"RIA Window" - a mystery thriller!

ID 57253244 © Brad Calkins | Dreamstime.com
Issue 2 - 2019

Does e-learning improve knowledge retention to 25-60% compared to 8-10% for face-to-face training? We investigate!

Have you ever read these  words before? – “The Research Institute of America reports that learning retention rates improve from 8 to 10 percent for face-to-face training to 25 to 60 percent for e-learning.” 

Statements like this currently feature on learning solutions and technology industry websites around the world. In this week’s issue of Caveat Emptor we explore the mystery surrounding this hyperbolic advertising claim.

You might be tempted to accept that statement at face value when you see the results of this Google search.  Surely these ‘facts’ about learning retention must be correct, given the large number of virtually identical listings revealed here? However there are a number of things about this that aroused our curiosity.

The infographic below was posted by By Danielle Arad on November 2nd, 2016 under the heading ‘Virtual Learning – Everything You Need to Know’.  If you click the image, you can see this in its original location.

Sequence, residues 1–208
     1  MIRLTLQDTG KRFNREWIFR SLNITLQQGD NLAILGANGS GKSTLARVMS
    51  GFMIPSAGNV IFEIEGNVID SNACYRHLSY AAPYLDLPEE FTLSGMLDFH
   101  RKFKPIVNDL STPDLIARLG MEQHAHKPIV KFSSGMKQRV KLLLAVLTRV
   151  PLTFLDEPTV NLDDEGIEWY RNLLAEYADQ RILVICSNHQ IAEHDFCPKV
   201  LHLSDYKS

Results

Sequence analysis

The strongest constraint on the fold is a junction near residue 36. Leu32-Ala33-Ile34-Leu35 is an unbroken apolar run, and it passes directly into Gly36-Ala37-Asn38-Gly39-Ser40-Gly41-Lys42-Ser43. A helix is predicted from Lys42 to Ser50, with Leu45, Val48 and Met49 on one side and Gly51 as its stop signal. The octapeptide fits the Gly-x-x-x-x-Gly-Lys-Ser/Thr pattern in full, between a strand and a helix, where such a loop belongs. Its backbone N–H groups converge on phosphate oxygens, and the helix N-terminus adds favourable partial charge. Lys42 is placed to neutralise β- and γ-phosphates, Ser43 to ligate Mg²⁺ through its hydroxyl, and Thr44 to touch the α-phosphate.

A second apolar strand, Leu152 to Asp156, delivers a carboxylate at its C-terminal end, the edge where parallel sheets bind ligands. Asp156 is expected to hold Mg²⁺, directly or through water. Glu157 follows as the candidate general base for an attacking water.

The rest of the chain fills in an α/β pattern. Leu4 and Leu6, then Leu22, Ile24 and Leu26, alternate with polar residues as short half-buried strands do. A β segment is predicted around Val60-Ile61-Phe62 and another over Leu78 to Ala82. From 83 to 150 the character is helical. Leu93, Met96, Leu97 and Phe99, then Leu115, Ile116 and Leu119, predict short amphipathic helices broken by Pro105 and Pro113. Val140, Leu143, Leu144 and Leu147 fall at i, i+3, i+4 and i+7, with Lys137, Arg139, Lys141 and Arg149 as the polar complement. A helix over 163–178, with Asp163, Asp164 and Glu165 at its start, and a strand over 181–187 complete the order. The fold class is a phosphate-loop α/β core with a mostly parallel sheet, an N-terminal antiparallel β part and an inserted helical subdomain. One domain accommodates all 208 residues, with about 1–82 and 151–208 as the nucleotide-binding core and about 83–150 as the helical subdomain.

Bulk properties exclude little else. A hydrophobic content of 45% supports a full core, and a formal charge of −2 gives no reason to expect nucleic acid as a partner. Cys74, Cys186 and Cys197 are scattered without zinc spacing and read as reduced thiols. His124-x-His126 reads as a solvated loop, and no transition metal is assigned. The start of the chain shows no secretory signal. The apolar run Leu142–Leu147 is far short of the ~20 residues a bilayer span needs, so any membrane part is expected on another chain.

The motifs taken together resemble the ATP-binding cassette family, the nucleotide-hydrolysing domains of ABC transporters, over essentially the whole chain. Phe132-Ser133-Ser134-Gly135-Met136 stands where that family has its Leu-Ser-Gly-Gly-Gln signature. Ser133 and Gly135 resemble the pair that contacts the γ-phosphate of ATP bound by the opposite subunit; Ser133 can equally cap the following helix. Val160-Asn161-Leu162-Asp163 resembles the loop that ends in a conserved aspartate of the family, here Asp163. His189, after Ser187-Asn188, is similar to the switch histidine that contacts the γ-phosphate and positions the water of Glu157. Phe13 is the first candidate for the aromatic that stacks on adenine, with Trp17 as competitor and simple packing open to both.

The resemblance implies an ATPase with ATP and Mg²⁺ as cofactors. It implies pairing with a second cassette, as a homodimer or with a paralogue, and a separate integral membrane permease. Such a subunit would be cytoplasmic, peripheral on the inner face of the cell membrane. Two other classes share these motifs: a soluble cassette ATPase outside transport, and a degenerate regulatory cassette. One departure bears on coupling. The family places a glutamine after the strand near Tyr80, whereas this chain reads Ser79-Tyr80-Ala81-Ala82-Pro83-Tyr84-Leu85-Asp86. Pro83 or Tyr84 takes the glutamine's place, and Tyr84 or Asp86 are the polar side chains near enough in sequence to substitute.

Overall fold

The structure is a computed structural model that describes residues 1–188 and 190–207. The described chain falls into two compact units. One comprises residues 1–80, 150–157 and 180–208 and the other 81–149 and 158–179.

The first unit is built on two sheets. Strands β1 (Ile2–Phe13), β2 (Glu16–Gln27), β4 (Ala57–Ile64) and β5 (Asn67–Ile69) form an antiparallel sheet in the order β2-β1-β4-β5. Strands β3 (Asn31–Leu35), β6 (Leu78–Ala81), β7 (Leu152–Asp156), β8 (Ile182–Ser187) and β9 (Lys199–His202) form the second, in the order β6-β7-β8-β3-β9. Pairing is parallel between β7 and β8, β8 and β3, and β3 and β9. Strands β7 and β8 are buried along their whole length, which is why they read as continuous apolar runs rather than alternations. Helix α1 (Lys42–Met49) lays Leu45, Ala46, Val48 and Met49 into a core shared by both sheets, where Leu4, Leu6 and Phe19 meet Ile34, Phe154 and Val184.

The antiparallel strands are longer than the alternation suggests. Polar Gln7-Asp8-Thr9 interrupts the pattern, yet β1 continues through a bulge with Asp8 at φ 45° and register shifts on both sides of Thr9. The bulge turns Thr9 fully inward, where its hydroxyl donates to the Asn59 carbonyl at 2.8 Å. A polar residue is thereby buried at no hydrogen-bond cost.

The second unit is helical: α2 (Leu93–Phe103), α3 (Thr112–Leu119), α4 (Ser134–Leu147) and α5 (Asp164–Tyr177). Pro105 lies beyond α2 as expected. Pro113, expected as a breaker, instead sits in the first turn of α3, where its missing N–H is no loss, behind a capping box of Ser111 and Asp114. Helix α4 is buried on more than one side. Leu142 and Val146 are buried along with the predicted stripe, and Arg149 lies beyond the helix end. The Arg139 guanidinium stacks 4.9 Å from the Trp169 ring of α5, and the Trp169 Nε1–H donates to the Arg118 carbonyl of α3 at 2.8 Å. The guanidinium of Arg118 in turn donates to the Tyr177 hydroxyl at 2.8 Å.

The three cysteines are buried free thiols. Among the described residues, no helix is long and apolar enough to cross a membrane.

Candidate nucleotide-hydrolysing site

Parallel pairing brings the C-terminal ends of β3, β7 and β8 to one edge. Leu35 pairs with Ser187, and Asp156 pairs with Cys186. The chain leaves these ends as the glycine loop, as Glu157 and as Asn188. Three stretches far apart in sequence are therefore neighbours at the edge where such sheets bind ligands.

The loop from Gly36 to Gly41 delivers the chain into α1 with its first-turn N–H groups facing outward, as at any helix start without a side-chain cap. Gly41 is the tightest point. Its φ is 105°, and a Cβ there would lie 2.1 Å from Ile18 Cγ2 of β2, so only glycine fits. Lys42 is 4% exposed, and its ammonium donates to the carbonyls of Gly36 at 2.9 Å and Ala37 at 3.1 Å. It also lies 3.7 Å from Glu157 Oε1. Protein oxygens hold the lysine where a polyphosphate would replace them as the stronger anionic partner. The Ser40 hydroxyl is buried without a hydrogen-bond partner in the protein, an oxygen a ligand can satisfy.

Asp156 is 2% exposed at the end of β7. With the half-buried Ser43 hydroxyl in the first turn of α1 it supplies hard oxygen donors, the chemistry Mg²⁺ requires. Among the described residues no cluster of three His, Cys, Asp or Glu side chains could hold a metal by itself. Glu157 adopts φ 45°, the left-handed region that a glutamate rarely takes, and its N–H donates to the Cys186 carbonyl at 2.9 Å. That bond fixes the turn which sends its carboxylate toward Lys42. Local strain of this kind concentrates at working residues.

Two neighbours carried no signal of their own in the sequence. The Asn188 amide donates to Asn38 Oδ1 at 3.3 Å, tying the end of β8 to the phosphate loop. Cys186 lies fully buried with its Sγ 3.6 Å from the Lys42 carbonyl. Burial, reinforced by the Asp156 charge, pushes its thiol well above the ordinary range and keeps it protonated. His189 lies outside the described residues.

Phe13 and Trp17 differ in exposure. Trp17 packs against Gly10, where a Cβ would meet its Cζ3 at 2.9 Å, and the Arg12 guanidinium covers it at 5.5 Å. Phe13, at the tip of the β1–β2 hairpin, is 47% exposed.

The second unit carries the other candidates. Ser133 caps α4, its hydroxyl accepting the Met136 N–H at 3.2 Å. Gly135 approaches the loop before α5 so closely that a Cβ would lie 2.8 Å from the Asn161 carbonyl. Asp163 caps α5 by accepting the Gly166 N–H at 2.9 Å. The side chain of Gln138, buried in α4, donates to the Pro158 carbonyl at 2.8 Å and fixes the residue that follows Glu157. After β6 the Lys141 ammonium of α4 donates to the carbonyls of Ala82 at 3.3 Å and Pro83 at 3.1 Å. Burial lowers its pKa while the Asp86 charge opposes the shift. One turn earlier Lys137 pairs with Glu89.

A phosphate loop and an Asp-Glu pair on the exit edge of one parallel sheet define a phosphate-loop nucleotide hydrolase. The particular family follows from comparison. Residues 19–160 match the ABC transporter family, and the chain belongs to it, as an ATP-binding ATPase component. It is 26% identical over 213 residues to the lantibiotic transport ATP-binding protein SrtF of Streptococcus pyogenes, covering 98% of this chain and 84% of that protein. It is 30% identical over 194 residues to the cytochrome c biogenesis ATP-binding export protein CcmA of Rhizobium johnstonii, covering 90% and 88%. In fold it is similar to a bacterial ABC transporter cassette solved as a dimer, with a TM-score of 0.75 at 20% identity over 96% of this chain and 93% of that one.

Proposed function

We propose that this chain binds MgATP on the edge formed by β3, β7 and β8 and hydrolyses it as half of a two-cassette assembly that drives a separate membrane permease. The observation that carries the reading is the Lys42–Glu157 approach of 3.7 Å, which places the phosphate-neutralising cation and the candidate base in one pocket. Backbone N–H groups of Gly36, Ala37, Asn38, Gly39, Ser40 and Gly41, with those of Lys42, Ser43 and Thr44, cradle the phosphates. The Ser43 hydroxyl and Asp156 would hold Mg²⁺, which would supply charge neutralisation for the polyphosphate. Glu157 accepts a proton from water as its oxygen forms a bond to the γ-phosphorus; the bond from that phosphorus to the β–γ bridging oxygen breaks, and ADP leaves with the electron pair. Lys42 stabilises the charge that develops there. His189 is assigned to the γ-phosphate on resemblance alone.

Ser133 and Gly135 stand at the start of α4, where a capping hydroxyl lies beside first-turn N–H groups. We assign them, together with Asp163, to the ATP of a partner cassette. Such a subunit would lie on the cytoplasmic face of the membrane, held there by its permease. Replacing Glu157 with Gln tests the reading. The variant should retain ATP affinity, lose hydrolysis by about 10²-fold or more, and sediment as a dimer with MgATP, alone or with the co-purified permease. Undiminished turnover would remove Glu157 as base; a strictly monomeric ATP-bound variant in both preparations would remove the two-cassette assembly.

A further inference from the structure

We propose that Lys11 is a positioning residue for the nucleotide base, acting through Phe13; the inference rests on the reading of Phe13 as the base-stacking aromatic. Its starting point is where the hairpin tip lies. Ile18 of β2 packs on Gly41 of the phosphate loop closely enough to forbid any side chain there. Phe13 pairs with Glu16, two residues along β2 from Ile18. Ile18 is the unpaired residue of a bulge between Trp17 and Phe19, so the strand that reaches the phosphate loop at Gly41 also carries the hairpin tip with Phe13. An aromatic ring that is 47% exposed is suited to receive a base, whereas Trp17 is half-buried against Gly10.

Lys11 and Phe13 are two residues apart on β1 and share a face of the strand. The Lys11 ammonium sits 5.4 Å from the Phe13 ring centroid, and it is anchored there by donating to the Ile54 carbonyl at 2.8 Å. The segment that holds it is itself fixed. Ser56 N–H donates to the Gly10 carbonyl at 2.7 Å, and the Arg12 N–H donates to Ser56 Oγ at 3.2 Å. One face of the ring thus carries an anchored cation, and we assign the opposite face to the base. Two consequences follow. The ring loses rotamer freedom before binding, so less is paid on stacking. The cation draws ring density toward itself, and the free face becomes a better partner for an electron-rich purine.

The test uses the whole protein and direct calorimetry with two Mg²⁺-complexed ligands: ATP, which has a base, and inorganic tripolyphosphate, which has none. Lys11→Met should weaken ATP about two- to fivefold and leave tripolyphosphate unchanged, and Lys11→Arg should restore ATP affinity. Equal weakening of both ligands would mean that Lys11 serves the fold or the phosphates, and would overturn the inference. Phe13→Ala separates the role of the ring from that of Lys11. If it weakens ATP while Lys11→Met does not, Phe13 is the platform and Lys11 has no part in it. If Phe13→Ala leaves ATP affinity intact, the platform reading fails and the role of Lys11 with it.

More lists of lists!

As you can see from Arad’s footnote above, the source cited for this is a list prepared by Christopher Pappas for elearningindustry.com called ‘Top 10 e-Learning Statistics for 2014 You Need To Know.’ The statement below ranks at number 8 in that list:

There are a couple of points worth noting here.

Firstly, Arad saw fit to switch the words ‘Virtual Training’ for the word ‘e-Learning’ used by Pappas when she reproduced the claim in her own post in 2016. It is still unclear why that was.

Secondly, Pappas  refers to a ‘recent study conducted by the Research Institute of America’ but does not provide any further information about this. The link highlighted in blue leads to an unrelated article by Matthew Guyan entitled: ‘5 Ways To Reduce Cognitive Load In eLearning’. There is no mention of the ‘Research Institute of America’ in that article. So that proved a dead-end.

Those that read Issue 1 of Caveat Emptor may recall that the name Christopher Pappas cropped up as part of our investigation into ill-founded claims about the level of productivity generated by investments in e-Learning.  In that instance our  enquiries  led us to the current version of a very similar list: ‘Top 20 eLearning Statistics For 2019 You Need To Know’. 

As we reported last week, the 2019 list appeared to have been used as a source for many virtually identical but ill-founded marketing claims about productivity.  This led us to wonder if a similar proliferation of claims about retention arose as a result of the earlier list compiled in 2014?

Reassured that we were seeking a ‘recent study conducted by the Research Institute of America’  our researchers set out to track the organisation down. This quest took far longer than we ever expected!